The operation of the optical sensor can be better understood by study of FIG. 6. As is shown, the optical sensor 10 is mounted on pulp container 68. In this preferred embodiment, the probe is held in threaded coupler 69 and is attached to the container 68 by mating the coupler 69 with extension 71. Depending on the condition which is being monitored, the sensor can be mounted anywhere along the production equipment where the paper is in pulp form. As is seen, the probe extends out into the pulp flow 70. Moving pulp passes around the probe and over the window 14. Light from within the probe shines through window 14 and reflects off the pulp. Light reflected back into the probe enclosure is received by fiber optic bundle 20 and transmitted to the systems electronics. The system electronics converts the fiber optic signal transmitted over the bundle into electronic signals representative of the brightness and consistency of the pulp.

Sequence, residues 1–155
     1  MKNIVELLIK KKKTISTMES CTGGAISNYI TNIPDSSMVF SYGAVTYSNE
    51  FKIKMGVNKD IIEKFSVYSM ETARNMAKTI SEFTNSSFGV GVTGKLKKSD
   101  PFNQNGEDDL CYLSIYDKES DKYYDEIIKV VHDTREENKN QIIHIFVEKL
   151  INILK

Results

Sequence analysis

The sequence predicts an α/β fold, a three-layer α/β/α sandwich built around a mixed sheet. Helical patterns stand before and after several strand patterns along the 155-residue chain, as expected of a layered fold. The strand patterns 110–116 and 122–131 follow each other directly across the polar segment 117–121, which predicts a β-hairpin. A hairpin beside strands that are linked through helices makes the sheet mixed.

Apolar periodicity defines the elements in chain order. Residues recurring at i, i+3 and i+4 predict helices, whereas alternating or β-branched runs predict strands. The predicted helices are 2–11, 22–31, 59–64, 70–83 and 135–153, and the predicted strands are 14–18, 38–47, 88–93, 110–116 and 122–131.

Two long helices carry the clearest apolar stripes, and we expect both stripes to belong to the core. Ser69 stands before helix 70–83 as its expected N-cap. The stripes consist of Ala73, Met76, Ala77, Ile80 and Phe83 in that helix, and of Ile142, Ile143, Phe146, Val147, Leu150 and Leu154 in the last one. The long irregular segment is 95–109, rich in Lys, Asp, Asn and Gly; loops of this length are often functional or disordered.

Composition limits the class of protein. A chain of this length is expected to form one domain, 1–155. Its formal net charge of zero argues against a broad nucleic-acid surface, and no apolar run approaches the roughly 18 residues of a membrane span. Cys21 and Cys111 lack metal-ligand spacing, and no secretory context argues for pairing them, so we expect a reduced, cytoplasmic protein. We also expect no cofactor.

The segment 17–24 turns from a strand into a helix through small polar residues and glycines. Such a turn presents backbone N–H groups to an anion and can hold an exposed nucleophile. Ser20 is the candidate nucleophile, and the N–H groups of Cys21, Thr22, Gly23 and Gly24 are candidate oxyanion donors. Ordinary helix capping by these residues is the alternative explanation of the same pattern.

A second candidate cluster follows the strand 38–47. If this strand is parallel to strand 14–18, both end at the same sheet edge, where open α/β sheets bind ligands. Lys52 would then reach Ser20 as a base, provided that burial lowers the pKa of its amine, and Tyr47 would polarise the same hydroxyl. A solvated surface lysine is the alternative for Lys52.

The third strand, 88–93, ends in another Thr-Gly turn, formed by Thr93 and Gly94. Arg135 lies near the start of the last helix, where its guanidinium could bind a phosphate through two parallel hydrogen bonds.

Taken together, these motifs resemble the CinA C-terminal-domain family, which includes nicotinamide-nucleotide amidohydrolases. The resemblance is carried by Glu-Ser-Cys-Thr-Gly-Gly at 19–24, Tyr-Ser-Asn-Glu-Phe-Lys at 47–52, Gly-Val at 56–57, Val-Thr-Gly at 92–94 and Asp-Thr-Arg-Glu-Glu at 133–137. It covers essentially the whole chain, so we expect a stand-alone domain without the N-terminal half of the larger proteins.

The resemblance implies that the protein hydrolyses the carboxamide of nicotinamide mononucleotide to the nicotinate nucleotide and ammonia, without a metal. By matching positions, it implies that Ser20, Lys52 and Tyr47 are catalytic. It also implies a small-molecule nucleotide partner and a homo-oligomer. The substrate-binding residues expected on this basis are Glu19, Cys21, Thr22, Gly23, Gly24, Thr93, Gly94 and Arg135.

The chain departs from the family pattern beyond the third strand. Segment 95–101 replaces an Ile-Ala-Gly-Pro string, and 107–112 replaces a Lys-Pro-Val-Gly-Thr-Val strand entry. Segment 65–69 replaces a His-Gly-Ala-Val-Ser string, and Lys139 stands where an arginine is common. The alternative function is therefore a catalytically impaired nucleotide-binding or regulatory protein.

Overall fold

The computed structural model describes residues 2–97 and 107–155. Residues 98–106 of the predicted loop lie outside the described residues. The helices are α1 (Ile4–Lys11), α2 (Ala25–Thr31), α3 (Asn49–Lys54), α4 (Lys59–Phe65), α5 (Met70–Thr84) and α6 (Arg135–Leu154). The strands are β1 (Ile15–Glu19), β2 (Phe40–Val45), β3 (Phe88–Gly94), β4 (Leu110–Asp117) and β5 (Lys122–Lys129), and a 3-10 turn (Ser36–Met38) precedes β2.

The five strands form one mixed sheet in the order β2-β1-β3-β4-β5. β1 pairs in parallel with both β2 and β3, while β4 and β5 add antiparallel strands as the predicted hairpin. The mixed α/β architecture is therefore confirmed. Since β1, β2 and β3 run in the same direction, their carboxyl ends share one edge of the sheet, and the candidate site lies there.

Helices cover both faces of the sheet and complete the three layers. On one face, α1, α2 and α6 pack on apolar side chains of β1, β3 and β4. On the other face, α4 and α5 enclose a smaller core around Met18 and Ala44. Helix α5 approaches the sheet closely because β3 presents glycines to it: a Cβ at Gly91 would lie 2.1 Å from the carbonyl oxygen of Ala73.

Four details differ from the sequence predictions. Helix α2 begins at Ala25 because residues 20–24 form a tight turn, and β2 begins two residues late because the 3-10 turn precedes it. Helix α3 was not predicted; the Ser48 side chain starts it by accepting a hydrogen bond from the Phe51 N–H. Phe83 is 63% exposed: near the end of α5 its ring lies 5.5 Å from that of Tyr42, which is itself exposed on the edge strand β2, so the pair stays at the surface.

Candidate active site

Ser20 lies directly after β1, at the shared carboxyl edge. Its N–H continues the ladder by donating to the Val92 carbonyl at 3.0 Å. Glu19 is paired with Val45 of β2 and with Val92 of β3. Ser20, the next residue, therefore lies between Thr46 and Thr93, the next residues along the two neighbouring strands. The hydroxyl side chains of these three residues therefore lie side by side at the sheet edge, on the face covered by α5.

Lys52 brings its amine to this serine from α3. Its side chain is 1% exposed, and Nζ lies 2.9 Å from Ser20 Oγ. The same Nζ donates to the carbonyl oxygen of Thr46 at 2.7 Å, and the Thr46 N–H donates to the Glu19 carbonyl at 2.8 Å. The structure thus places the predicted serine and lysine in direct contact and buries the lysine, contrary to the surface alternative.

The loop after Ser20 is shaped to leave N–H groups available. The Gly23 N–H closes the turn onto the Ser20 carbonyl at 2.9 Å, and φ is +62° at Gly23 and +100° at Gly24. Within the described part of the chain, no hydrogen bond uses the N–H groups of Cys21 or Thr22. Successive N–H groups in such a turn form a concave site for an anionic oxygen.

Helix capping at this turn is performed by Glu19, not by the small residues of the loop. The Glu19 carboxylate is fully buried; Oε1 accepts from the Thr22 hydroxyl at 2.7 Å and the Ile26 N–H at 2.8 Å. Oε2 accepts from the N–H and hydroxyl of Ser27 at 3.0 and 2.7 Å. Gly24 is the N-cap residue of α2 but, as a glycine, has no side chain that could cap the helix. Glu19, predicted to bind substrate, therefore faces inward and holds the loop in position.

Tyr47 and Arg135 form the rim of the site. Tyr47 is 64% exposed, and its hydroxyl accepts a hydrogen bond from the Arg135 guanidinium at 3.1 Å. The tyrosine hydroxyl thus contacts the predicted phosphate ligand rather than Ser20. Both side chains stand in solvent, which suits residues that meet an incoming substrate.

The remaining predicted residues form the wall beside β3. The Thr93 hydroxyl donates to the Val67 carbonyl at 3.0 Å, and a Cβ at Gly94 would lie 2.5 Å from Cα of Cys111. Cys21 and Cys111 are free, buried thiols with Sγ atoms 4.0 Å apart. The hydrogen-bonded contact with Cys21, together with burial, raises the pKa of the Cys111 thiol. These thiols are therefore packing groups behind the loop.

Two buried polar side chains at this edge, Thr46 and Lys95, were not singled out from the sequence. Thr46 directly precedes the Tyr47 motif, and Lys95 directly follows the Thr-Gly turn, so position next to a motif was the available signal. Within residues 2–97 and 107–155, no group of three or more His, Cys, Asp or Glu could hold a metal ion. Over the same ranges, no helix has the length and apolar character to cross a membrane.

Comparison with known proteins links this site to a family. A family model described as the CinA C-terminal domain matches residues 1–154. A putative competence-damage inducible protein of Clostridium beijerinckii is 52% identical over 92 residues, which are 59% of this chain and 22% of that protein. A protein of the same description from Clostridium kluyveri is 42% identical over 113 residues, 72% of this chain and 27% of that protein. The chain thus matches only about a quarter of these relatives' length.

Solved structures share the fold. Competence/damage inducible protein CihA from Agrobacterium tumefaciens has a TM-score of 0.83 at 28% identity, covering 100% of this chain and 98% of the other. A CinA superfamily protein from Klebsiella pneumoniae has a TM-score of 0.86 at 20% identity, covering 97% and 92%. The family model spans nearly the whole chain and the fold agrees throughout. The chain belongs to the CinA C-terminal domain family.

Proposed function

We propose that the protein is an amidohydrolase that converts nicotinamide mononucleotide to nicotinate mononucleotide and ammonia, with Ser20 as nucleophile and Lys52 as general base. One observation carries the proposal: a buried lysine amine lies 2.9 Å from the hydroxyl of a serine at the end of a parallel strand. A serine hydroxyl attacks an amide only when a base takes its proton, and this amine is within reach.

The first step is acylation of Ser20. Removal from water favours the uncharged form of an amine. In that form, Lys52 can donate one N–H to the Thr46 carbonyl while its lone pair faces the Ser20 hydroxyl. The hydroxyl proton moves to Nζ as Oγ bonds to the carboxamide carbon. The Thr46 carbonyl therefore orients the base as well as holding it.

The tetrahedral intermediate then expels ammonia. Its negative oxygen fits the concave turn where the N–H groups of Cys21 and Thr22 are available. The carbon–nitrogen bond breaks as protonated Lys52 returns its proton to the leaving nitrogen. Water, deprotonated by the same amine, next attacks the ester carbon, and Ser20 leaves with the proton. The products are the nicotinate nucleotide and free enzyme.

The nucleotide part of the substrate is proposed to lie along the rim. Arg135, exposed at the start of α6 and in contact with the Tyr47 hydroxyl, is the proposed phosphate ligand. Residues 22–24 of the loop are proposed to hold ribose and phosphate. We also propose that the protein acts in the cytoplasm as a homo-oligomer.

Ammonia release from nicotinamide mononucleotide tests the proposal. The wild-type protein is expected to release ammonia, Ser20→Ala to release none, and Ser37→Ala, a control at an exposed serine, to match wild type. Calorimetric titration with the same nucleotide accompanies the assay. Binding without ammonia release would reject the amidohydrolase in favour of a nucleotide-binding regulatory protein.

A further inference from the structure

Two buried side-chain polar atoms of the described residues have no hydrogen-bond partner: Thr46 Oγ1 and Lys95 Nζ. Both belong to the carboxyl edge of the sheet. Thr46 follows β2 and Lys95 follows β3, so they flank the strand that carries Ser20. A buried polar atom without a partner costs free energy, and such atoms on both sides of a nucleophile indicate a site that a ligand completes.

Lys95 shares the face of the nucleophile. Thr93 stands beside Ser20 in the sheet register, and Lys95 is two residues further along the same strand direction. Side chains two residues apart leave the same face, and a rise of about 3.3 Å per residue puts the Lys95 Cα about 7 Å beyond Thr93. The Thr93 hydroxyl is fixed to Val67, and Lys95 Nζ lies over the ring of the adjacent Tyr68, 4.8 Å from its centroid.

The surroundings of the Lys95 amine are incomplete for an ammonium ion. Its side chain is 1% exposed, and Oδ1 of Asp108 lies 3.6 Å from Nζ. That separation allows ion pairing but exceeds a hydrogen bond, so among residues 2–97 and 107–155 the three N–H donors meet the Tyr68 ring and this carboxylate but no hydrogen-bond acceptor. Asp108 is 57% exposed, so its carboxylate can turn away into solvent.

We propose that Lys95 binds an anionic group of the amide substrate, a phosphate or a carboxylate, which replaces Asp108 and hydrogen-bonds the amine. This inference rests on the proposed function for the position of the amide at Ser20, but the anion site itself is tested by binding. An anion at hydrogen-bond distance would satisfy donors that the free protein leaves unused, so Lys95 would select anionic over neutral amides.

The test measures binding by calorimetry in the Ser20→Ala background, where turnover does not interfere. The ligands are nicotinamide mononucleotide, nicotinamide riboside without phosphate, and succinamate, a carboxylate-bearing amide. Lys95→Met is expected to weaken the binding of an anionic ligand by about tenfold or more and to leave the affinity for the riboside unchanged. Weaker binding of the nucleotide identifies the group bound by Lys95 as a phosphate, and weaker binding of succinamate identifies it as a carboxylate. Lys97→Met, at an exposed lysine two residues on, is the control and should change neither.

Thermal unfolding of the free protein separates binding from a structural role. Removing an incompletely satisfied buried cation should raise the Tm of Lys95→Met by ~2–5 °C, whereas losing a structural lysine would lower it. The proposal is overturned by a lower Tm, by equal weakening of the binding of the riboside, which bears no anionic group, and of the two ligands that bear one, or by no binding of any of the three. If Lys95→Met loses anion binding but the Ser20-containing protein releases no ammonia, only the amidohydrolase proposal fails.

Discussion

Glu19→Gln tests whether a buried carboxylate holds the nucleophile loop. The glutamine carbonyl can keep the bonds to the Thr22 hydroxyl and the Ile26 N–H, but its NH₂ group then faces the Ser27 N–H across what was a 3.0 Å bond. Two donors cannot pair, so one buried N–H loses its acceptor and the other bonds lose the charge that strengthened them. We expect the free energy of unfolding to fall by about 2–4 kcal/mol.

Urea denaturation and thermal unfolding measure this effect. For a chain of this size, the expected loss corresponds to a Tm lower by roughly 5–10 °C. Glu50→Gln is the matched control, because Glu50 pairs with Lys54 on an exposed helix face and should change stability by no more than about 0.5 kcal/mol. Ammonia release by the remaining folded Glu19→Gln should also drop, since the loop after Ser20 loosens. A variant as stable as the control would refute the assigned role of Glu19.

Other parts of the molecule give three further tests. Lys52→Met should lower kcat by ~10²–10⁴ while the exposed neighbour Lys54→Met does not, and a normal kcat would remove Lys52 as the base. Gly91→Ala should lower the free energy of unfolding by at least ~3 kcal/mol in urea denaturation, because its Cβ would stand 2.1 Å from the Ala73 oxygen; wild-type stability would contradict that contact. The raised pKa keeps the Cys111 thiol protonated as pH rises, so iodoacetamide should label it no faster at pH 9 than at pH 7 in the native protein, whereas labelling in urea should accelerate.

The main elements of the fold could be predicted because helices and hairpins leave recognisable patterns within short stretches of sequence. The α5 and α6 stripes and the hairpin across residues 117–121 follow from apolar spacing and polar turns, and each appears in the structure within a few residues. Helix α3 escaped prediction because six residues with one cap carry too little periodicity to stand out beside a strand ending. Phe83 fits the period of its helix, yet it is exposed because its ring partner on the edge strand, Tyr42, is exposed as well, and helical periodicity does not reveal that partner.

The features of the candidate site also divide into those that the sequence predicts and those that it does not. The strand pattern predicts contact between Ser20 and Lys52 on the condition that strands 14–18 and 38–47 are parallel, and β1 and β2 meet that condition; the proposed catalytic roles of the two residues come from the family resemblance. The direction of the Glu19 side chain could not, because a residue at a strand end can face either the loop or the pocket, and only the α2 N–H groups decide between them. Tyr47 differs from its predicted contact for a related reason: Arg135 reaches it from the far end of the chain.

An important feature of the present invention is the intensity measurements of the reflected light made over substantially the entire visible light bandwidth region. The preferred color sensor 60 utilizes the complete visible spectrum rather than a few discreet wavelengths. The operation of the color sensor can be better understood by study of FIG. 7. In the presently preferred embodiment, light emitting/receiving end 74 performs a dual purpose of both emitting light and receiving back the reflective light. Light to be emitted is transmitted from a light source 72 through fiber optic line 88 to the light emitting/receiving end 74. Light is reflected off the object 80 and then back into the light emitting/receiving end 74. Reflected light is carried by fiber optic line 88 to disbursing element 78. On one end of fiber optic line 88 is light exiting end 76. Reflected light leaving light exiting end 76 strikes disbursing element 78. Disbursing element 78 may be a diffraction grading. The reflected light is broken into its component wavelength and reflected to detector array 86. For this embodiment, disbursing element 78 disburses and provides a flat field of focus of the spectrum (400 NM to 800 NM) on detector array 86. The focus spectrum strikes detector array 86 with 400 NM light at side C and 800 NM light at side D.